People are doing more but they’re also opptimizing less. Who I love reading is Jordan Mechner, who wrote Prince of Persia, He put all his journals while he was writing Prince of Persia online. He was a kid, like 18 or 19, when he was doing this. There’s this point [in the game] where it’s you and your shadow self. He said, “Well, we didn’t have any memory left to do this other character, so we just took the character and bit-flipped it so there was its exact shadow.” The types of creativity they had to do back then when you had 8K of RAM, to make that work, was crazy.
Many sites let users choose how many items they’ll see on each page. This is often overkill, as when pop-up menus let users View 10, 20, 30, 40 items per screen.
It’s usually better to offer a single default number—such as 10 or 20—and supplement it with View All for people who want more. Instead of a pop-up menu, this design requires only a simple button and is thus much faster to operate.
Alternatively, if View All would generate an unwieldy page, give users the choice between two numbers, say 10 and 50, where the second number is substantially bigger than the default.
If the choice is between two relatively similar numbers (such as 10 and 20), users might as well click the Next Page button rather than suffer the cognitive overhead of trying to decide their display preference.
But don’t think you get to call who is or isn’t a “real entrepreneur” based on who has or hasn’t quit their dayjob. If anything, the folks doing it “the hard way” deserve more respect and recognition than the people running around acting like raising a round was an end unto itself, and who seem to think that the point of a startup is to raise money (as opposed to making money).
The biggest problem with side projects is that the lack of commitment dilutes the startup talent pool, hurts the side project or startup, and in turn kills great startups from succeeding. If you’re looking to start a business, take some time to consider whether or not you’re ready to be all in.
As an interface designer I am often asked to design a “better” interface to some product. Usually one can be designed such that, in terms of learning time, eventual speed of operation (productivity), decreased error rates, and ease of implementation it is superior to competing or the client’s own products. Even where my proposals are seen as significant improvements, they are often rejected nonetheless on the grounds that they are not intuitive. It is a classic “catch 22.” The client wants something that is significantly superior to the competition. But if superior, it cannot be the same, so it must be different (typically the greater the improvement, the greater the difference). Therefore it cannot be intuitive, that is, familiar. What the client usually wants is an interface with at most marginal differences that, somehow, makes a major improvement. This can be achieved only on the rare occasions where the original interface has some major flaw that is remedied by a minor fix.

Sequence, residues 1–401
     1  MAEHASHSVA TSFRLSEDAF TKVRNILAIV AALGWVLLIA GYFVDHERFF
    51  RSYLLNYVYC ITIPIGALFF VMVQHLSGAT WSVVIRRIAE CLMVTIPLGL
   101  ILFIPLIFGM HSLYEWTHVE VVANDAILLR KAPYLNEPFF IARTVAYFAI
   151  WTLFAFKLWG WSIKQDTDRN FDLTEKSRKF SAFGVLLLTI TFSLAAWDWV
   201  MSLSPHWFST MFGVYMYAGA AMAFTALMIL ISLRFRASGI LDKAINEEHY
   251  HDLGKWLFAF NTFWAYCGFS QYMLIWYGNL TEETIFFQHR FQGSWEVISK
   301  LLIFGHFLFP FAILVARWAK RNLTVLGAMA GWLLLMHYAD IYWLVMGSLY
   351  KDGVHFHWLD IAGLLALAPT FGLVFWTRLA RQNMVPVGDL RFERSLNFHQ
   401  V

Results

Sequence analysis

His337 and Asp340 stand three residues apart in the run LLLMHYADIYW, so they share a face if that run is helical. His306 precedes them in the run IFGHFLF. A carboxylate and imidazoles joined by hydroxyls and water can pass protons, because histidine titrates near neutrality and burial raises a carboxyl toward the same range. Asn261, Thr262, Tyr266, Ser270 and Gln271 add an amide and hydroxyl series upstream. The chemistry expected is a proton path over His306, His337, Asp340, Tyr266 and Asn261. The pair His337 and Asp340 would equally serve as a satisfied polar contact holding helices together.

Simplicity is not about making something without ornament, but rather about making something very complex, then slicing elements away, until you reveal the very essence.
After all the slicing away, you may realize, now that you can clearly see the idea, that it’s actually not very good.
The fact that I call it “the rest of my life” gives you an indication where work stood in the pecking order.
I don’t have children, so it might seem that my story lacks relevance to the work-life balance debate. Like everyone, though, I did have relationships — a spouse, friends and family — and none of them got the best version of me. They got what was left over.
Well that means you’re well into your second quarter. You better do something with yourself in this job. What do you want to do?